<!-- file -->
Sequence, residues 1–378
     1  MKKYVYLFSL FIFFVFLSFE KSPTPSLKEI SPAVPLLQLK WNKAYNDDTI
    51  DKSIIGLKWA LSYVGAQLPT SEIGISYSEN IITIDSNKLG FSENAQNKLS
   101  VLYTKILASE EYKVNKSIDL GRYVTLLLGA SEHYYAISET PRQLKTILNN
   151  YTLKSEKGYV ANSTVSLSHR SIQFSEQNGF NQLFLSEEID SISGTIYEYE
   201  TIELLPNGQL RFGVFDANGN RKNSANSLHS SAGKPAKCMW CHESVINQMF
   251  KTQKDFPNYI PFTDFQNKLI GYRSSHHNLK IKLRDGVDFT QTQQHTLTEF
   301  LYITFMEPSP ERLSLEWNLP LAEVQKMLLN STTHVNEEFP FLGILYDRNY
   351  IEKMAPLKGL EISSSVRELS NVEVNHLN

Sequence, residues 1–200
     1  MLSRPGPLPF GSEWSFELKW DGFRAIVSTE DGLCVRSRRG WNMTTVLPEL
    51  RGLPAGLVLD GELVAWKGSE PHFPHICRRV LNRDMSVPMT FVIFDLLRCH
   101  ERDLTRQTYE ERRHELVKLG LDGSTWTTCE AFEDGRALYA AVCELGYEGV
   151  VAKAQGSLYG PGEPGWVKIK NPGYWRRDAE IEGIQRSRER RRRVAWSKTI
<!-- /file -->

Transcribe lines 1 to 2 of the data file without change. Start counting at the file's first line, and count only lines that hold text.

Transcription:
Sequence, residues 1–378
     1  MKKYVYLFSL FIFFVFLSFE KSPTPSLKEI SPAVPLLQLK WNKAYNDDTI